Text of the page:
Two terrorists killed in Philippines

Philippine National Police Director General Ricardo Marquez talks to the media after reading a joint statement from the military and police on the beheading of Canadian hostage John Ridsdel of Calgary, Alberta by Muslim extremist Abu Sayyaf Group in southern Philippines, in this April 26, 2016 photo, at Camp Crame in suburban Quezon city northeast of Manila, Philippines. (AP)
Updated 30 April 2016
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Two terrorists killed in Philippines

MANILA: Security forces in the southern Philippines have killed two terrorists of a local extremist organization sympathetic to the Daesh group, a police report said Saturday.
Police commandoes raided a hideout of the Ansar Khilafa Philippines (AKP) group in the coastal town of Maasim, killing two fighters, a police report said.
The commandoes recovered a cache of weapons including a sniper rifle, two carbines, rocket-propelled grenades, materials for making improvised explosive devices and a black flag of Daesh, which has captured large swathes of territory in the Middle East.
However the target of the raid, the group’s leader, Jaafar Maguid, escaped, the report added.
The AKP is one of several militant groups in the southern third of the largely-Catholic Philippines that have pledged allegiance to Daesh.
Authorities have said these groups have no direct link to Daesh and are merely using its name to gain prestige locally and in the hope of gaining the international terrorist group’s support and funding.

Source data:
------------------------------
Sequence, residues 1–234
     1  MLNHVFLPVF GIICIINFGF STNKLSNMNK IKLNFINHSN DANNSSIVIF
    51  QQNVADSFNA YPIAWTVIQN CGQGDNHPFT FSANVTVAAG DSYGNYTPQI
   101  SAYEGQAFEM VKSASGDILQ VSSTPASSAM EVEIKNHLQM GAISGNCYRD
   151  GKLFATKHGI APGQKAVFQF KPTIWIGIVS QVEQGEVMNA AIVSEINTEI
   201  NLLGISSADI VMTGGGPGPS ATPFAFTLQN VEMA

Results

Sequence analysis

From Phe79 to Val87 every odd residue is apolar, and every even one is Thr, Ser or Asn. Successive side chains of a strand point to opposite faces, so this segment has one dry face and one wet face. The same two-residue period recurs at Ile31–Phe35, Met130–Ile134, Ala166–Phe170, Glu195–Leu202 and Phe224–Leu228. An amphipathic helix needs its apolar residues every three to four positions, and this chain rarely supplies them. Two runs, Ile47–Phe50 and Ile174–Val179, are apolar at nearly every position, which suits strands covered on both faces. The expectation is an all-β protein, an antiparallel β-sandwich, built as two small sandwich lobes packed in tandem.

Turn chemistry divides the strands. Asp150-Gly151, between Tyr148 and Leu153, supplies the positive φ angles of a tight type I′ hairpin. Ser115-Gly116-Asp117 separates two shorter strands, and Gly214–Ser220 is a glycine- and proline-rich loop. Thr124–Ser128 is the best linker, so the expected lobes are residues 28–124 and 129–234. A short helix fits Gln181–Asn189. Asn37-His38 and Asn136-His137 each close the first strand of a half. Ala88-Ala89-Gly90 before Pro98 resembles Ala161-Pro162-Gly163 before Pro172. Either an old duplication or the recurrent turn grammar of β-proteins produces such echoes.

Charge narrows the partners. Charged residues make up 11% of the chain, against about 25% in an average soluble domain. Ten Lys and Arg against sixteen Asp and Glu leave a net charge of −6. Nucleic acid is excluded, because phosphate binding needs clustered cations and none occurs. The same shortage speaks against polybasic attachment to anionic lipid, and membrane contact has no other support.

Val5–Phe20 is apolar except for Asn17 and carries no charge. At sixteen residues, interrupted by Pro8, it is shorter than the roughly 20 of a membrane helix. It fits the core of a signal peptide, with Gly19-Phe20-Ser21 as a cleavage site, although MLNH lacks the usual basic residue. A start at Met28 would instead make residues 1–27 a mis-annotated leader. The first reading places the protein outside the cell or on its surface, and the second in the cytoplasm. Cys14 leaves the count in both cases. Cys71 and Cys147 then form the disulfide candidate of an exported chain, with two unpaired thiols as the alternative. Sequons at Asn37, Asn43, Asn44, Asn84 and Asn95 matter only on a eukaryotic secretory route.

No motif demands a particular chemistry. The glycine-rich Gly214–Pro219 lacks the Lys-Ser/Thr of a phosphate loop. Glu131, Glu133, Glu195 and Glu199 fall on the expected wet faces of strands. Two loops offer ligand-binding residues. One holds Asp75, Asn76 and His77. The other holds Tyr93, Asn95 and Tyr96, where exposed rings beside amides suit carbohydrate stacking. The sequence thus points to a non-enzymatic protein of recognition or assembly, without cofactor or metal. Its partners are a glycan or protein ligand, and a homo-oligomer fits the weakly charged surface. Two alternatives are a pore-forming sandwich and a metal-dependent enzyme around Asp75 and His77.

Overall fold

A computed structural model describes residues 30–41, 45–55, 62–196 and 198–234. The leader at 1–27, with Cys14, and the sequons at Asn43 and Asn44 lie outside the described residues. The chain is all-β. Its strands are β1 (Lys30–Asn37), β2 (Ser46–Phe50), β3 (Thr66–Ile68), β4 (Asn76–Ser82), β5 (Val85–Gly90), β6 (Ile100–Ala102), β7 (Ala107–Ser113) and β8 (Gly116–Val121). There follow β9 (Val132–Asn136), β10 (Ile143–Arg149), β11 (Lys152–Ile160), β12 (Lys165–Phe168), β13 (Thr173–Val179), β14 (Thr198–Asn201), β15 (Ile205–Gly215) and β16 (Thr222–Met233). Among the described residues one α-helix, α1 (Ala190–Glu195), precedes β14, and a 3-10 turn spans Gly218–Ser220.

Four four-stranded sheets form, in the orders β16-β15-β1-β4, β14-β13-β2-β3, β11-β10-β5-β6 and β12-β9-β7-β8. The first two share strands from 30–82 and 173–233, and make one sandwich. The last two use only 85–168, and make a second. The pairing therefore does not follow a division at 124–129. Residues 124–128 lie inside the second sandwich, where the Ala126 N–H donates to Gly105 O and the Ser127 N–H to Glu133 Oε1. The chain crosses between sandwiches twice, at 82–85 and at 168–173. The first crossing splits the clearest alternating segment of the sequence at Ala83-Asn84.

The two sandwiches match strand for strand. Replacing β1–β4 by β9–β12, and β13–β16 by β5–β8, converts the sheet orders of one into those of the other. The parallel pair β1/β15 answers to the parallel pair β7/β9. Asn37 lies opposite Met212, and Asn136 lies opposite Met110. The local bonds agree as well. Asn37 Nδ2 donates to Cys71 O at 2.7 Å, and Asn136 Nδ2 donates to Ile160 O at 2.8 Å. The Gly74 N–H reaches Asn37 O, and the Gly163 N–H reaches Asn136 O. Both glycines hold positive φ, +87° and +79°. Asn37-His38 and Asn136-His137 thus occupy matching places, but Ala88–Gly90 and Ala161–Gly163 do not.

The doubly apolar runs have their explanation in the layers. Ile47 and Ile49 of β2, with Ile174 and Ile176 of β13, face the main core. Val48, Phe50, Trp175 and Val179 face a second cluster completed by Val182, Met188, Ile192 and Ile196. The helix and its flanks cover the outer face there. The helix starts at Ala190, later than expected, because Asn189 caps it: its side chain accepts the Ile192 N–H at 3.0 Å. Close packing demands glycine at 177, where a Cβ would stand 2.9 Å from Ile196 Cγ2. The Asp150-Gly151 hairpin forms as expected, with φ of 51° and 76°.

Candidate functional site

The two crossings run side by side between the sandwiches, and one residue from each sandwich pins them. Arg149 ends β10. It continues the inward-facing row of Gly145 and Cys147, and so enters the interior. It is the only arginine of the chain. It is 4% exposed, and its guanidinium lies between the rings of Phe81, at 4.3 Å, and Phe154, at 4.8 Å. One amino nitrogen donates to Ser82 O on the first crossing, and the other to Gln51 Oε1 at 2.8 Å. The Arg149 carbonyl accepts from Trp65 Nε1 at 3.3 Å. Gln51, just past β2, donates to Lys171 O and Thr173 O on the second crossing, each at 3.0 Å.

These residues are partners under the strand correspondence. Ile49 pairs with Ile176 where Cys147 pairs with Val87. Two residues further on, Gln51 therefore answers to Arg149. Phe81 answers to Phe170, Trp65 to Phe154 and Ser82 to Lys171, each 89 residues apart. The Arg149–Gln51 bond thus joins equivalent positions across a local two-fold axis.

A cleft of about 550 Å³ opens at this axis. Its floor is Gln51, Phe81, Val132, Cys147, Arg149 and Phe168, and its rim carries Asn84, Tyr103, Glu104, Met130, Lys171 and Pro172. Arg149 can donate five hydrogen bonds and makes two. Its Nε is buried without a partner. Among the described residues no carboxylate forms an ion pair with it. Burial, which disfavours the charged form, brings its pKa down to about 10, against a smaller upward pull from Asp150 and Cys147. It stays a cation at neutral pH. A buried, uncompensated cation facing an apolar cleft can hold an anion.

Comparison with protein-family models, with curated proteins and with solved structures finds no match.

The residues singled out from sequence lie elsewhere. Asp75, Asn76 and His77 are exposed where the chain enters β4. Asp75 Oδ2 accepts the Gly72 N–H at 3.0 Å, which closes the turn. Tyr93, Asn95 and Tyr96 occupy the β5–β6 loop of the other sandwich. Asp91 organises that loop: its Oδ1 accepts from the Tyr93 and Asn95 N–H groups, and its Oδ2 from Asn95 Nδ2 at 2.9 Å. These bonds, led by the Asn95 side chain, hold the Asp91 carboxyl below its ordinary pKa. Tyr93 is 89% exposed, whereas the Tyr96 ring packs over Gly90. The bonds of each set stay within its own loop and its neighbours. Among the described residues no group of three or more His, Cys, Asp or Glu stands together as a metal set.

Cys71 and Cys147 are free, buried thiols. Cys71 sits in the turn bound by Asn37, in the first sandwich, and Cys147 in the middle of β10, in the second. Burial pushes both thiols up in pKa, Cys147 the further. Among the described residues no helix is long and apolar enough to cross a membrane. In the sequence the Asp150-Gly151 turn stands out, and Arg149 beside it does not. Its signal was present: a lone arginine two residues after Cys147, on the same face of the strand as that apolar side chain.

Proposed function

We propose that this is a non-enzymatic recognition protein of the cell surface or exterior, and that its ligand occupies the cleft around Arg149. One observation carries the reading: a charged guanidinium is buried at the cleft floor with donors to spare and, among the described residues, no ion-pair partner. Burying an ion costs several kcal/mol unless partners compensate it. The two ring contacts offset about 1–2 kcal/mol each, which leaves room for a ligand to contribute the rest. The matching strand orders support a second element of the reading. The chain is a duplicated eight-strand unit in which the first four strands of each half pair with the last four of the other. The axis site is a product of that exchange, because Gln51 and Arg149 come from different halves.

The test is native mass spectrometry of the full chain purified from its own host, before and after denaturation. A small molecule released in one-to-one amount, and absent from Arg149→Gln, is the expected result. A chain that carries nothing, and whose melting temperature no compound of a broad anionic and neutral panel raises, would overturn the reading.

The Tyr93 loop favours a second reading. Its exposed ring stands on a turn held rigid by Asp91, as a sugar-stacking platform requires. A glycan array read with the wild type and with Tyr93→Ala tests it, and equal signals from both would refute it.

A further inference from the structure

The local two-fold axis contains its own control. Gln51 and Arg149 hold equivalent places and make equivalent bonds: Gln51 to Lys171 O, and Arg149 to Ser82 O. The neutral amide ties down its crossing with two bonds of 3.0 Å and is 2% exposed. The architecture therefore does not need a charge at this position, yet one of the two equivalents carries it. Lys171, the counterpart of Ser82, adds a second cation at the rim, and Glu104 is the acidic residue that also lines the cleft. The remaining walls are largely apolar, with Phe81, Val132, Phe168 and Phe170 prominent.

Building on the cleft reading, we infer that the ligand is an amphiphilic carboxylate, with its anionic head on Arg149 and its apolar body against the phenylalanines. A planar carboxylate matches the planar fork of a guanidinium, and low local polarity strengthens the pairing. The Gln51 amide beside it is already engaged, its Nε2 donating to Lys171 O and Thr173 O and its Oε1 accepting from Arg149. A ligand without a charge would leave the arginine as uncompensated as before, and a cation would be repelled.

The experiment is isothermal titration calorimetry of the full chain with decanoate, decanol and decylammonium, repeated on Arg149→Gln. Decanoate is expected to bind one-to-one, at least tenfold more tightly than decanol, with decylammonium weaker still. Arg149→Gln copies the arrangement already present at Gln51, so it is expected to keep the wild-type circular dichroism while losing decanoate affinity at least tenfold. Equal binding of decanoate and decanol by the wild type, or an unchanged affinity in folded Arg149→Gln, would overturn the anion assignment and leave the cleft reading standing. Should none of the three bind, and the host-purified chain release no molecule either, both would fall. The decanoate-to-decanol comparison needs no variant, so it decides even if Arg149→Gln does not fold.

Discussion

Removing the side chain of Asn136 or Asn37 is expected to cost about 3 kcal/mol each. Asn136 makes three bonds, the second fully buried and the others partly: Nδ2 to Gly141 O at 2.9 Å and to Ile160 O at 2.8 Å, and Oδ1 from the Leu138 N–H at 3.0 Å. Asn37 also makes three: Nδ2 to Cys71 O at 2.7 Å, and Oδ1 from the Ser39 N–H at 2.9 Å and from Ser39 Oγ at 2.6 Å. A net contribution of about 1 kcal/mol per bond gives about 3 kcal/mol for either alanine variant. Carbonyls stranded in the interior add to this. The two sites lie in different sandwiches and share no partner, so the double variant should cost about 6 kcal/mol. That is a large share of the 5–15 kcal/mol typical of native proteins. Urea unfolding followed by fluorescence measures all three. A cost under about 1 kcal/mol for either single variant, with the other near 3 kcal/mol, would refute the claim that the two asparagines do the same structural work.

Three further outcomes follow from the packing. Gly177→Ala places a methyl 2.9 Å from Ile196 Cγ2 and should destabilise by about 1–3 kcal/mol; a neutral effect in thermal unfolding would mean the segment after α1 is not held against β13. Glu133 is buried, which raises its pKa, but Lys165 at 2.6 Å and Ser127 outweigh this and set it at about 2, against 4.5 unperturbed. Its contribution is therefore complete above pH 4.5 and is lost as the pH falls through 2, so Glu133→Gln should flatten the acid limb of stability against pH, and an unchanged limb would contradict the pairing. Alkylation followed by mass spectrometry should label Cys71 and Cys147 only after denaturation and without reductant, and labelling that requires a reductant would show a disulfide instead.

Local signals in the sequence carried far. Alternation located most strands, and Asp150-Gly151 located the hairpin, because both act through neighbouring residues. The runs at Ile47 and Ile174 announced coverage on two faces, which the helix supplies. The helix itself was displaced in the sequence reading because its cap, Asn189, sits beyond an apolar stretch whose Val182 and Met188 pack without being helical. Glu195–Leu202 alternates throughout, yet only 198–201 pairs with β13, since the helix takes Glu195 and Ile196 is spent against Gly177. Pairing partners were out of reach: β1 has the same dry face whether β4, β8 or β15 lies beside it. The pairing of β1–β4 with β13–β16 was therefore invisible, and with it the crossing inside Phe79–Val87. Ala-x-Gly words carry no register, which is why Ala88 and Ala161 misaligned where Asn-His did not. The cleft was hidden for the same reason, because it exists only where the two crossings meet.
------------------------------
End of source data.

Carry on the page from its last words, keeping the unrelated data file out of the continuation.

Interpol meets to select new president after China’s arrest

Updated 38 min 46 sec ago
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Interpol meets to select new president after China’s arrest

  • Meng Hongwei was also China's vice president of public security
  • Interpol’s annual general assembly began on Sunday and runs until Wednesday

DUBAI: Interpol member-states are gathering in Dubai to select a new president after the agency’s former leader was detained in China.
Meng Hongwei— who was China’s vice minister of public security while also leading Interpol — went missing while on a trip to China in September. It later emerged that the long-time Communist Party insider with decades of experience in China’s security apparatus was detained as part of a wider anti-corruption sweep.
Interpol’s annual general assembly began on Sunday and runs until Wednesday, when member-states will vote on a new president for the coming year.
Interpol member-states will also be deciding whether to accept Kosovo as a full member, which would allow officials there to file red notices of arrest for Serbian officials that Kosovo considers war criminals.